Since starting in the cattle business in 1960, Charles Hunt has built up a quality Limousin and Aubrac seedstock business by developing a consistent product and an honest reputation through intensive management and good recordkeeping.

Nearly 50 years later, Oxford, Neb., rancher Charles Hunt still stands by his philosophy of treating his customers how he would want to be treated. The same philosophy has been ingrained in his son, Dan, who is excited about the future of the family operation.

Charles Hunt was successfully able to build up a herd of 300 black baldy cows after he graduated from college. “He bought his first Limousin bull in 1978, and started developing his own replacement females. His philosophy was the Limousin-cross females needed to out-perform the black baldies in order to remain in the herd,” he explained.

“His herd slowly improved by making sure the replacements he kept were better than the cows already in the herd,” he continued. “He did this by keeping really good records. It is a practice we still use today. We won’t cull any cow in our herd based on age, but we will cull based on performance. We are more concerned with how each individual cow produces, rather than how old they are,” Hunt said.

They also resist creep feeding their calves. “We feel it allows us to see which cows are doing their job, and which ones aren’t,” he said. “We also cull the bottom 15 percent of our herd every year because those are probably the cows that aren’t making us any money,” he continued. “Over the years, it has resulted in a very efficient cow herd that works really well here.”

Since starting in the cattle business in 1960, Charles Hunt has built up a quality Limousin and Aubrac seedstock business by developing a consistent product and an honest reputation through intensive management and good recordkeeping.

Nearly 50 years later, Oxford, Neb., rancher Charles Hunt still stands by his philosophy of treating his customers how he would want to be treated. The same philosophy has been ingrained in his son, Dan, who is excited about the future of the family operation.

Charles Hunt was successfully able to build up a herd of 300 black baldy cows after he graduated from college. “He bought his first Limousin bull in 1978, and started developing his own replacement females. His philosophy was the Limousin-cross females needed to out-perform the black baldies in order to remain in the herd,” he explained.

“His herd slowly improved by making sure the replacements he kept were better than the cows already in the herd,” he continued. “He did this by keeping really good records. It is a practice we still use today. We won’t cull any cow in our herd based on age, but we will cull based on performance. We are more concerned with how each individual cow produces, rather than how old they are,” Hunt said.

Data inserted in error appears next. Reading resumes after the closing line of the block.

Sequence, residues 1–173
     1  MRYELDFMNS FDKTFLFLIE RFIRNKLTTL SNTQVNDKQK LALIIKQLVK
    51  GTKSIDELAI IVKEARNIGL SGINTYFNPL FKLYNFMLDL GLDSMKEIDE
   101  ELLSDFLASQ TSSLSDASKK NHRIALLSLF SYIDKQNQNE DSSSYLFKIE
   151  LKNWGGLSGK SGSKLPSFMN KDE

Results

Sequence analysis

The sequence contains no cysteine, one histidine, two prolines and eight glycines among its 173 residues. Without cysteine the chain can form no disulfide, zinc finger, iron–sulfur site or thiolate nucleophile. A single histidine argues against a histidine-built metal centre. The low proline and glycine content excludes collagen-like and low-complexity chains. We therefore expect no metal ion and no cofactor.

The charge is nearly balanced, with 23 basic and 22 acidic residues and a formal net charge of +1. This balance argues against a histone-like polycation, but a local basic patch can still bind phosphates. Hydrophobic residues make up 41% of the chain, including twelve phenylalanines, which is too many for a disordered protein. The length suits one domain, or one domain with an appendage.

They also resist creep feeding their calves. “We feel it allows us to see which cows are doing their job, and which ones aren’t,” he said. “We also cull the bottom 15 percent of our herd every year because those are probably the cows that aren’t making us any money,” he continued. “Over the years, it has resulted in a very efficient cow herd that works really well here.”

Since starting in the cattle business in 1960, Charles Hunt has built up a quality Limousin and Aubrac seedstock business by developing a consistent product and an honest reputation through intensive management and good recordkeeping.

Nearly 50 years later, Oxford, Neb., rancher Charles Hunt still stands by his philosophy of treating his customers how he would want to be treated. The same philosophy has been ingrained in his son, Dan, who is excited about the future of the family operation.

Charles Hunt was successfully able to build up a herd of 300 black baldy cows after he graduated from college. “He bought his first Limousin bull in 1978, and started developing his own replacement females. His philosophy was the Limousin-cross females needed to out-perform the black baldies in order to remain in the herd,” he explained.

“His herd slowly improved by making sure the replacements he kept were better than the cows already in the herd,” he continued. “He did this by keeping really good records. It is a practice we still use today. We won’t cull any cow in our herd based on age, but we will cull based on performance. We are more concerned with how each individual cow produces, rather than how old they are,” Hunt said.

They also resist creep feeding their calves. “We feel it allows us to see which cows are doing their job, and which ones aren’t,” he said. “We also cull the bottom 15 percent of our herd every year because those are probably the cows that aren’t making us any money,” he continued. “Over the years, it has resulted in a very efficient cow herd that works really well here.”